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Act IV

Scene I

A street in Westminster

Enter two Gentlemen, meeting one another

First Gentleman

You're well met once again.

Second Gentleman

So are you.

First Gentleman

You come to take your stand here, and behold
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Act IV

Scene I

A street in Westminster

Enter two Gentlemen, meeting one another

First Gentleman

You're well met once again.

Second Gentleman

So are you.

First Gentleman

You come to take your stand here, and behold
The Lady Anne pass from her coronation?

Second Gentleman

'Tis all my business. At our last encounter,
The Duke of Buckingham came from his trial.

First Gentleman

'Tis very true: but that time offer'd sorrow;
This, general joy.

Second Gentleman

'Tis well: the citizens,
I am sure, have shown at full their royal minds—
As, let 'em have their rights, they are ever forward—
In celebration of this day with shows,
Pageants and sights of honour.

First Gentleman

Never greater,
Nor, I'll assure you, better taken, sir.

Second Gentleman

May I be bold to ask at what that contains,
That paper in your hand?

First Gentleman

Yes; 'tis the list
Of those that claim their offices this day
By custom of the coronation.
The Duke of Suffolk is the first, and claims
To be high-steward; next, the Duke of Norfolk,
He to be earl marshal: you may read the rest.

Second Gentleman

I thank you, sir: had I not known those customs,
I should have been beholding to your paper.
But, I beseech you, what's become of Katharine,
The princess dowager? how goes her business?

First Gentleman

That I can tell you too. The Archbishop
Of Canterbury, accompanied with other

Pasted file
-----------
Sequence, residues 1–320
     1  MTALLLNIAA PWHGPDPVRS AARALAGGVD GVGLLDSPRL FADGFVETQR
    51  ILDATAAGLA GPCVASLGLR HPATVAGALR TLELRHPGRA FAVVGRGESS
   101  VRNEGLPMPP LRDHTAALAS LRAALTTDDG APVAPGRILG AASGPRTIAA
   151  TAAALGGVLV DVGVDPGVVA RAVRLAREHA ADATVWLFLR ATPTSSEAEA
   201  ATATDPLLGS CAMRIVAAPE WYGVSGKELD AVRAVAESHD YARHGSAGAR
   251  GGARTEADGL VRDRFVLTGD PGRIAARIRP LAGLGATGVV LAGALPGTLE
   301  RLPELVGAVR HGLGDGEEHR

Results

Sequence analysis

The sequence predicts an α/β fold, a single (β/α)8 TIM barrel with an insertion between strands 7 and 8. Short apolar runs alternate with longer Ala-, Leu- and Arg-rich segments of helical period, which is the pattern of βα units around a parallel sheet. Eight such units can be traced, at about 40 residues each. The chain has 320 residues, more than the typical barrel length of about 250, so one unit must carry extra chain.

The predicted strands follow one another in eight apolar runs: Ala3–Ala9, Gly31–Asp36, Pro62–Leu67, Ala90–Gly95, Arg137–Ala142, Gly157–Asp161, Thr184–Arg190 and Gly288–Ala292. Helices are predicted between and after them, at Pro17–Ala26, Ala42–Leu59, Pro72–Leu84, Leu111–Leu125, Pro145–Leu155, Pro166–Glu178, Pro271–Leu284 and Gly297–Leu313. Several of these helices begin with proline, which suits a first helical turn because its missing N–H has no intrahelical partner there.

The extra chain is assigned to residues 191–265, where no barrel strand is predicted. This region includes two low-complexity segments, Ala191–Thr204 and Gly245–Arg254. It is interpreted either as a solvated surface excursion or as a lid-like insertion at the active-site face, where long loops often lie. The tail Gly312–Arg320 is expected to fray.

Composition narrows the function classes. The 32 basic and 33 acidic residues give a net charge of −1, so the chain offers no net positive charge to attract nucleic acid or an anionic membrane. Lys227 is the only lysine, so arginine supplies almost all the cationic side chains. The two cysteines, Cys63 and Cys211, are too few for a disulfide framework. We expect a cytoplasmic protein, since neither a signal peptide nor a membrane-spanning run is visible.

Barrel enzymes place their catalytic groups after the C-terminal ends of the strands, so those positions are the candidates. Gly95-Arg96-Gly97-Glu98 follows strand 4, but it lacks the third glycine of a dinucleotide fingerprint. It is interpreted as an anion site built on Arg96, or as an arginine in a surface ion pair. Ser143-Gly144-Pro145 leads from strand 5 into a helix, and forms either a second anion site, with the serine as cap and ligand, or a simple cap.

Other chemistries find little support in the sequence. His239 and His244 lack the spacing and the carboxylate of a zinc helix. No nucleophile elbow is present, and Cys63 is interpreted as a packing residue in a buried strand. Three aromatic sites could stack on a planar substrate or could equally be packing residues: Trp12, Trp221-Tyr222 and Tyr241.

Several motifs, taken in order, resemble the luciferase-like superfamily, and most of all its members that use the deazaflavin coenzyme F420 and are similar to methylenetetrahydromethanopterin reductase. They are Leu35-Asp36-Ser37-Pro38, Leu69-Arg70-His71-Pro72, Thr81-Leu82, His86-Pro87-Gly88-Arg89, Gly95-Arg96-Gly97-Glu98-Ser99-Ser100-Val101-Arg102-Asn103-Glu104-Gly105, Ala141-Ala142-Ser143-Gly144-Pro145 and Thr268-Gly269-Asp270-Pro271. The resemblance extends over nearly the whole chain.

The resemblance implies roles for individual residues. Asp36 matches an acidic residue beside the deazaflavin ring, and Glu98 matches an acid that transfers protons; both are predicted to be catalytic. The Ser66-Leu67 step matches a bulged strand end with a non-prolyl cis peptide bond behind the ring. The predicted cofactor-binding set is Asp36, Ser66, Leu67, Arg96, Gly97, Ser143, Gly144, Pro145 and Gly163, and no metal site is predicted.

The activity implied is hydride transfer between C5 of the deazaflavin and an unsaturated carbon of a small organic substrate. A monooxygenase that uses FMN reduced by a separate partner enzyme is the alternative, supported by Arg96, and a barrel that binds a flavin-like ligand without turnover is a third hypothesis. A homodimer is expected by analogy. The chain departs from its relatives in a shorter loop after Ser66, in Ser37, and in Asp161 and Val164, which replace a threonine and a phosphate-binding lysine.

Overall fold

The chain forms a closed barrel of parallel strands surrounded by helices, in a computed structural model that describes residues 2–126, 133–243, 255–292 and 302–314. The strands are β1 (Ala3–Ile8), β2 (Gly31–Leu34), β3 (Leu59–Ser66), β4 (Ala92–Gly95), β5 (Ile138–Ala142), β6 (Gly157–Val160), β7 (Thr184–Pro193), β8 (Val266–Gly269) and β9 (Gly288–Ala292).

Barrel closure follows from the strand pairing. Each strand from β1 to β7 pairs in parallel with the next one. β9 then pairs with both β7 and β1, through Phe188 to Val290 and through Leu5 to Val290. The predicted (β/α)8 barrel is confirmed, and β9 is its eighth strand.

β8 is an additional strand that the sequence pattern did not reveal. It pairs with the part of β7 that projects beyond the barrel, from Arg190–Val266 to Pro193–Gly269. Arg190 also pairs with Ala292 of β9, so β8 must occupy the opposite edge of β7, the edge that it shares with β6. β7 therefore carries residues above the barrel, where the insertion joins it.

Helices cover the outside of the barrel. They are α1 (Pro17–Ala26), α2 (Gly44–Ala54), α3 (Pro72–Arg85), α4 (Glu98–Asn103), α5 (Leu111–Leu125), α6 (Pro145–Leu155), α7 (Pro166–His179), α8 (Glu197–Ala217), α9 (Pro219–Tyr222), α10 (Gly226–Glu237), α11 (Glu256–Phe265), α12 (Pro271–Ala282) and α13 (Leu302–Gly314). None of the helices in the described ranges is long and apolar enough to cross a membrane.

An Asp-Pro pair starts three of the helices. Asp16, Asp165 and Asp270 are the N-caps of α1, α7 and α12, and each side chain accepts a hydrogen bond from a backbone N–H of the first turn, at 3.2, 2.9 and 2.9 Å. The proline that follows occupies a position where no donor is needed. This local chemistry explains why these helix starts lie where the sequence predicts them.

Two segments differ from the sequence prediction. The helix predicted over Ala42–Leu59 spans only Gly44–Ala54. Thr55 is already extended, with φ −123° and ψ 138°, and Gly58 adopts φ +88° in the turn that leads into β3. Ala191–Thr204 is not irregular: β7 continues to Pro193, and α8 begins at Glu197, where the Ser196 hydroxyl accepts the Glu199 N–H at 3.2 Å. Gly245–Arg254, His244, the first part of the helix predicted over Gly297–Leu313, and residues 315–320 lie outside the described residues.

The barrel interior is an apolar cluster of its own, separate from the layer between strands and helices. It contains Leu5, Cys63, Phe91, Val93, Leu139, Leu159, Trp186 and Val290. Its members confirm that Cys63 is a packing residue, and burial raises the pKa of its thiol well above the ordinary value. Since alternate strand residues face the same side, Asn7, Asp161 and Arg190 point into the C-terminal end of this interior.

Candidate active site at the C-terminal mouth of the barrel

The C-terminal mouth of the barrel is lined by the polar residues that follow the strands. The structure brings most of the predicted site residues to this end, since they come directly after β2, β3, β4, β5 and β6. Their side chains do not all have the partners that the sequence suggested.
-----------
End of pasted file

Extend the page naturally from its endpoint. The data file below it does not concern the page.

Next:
Learned and reverend fathers of his order,
Held a late court at Dunstable, six miles off
From Ampthill where the princess lay; to which
She was often cited by them, but appear'd not:
And, to be short, for not appearance and
The king's late scruple, by the main assent
Of all these learned men she was divorced,
And the late marriage made of none effect
Since which she was removed to Kimbolton,
Where she remains now sick.

Second Gentleman

Alas, good lady!

Trumpets

The trumpets sound: stand close, the queen is coming.

Hautboys

The Order of the Coronation

  1. A lively flourish of Trumpets.
  2. 2. Then, two Judges.
  3. 3. Lord Chancellor, with the purse and mace before him.
  4. 4. Choristers, singing. Music
  5. Mayor of London, bearing the mace. Then Garter, in his coat of arms, and on his head a gilt copper crown.
  6. Marquess Dorset, bearing a sceptre of gold, on his head a demi-coronal of gold. With him, Surrey, bearing the rod of silver with the dove, crowned with an earl's coronet. Collars of SS.
  7. Suffolk, in his robe of estate, his coronet on his head, bearing a long white wand, as high-steward. With him, Norfolk, with the rod of marshalship, a coronet on his head. Collars of SS.
  8. A canopy borne by four of the Cinque-ports; under it, Queen Anne in her robe; in her hair richly adorned with pearl, crowned. On each side her, the Bishops of London and Winchester.
  9. The old Duchess of Norfolk, in a coronal of gold, wrought with flowers, bearing Queen Anne's train.
  10. Certain Ladies or Countesses, with plain circlets of gold without flowers.

They pass over the stage in order and state

Second Gentleman

A royal train, believe me. These I know:
Who's that that bears the sceptre?

First Gentleman

Marquess Dorset:
And that the Earl of Surrey, with the rod.

Second Gentleman

A bold brave gentleman. That should be
The Duke of Suffolk?

First Gentleman

'Tis the same: high-steward.

Second Gentleman

And that my Lord of Norfolk?

First Gentleman

Yes;

Second Gentleman

Heaven bless thee!

Looking on Queen Anne

Thou hast the sweetest face I ever look'd on.
Sir, as I have a soul, she is an angel;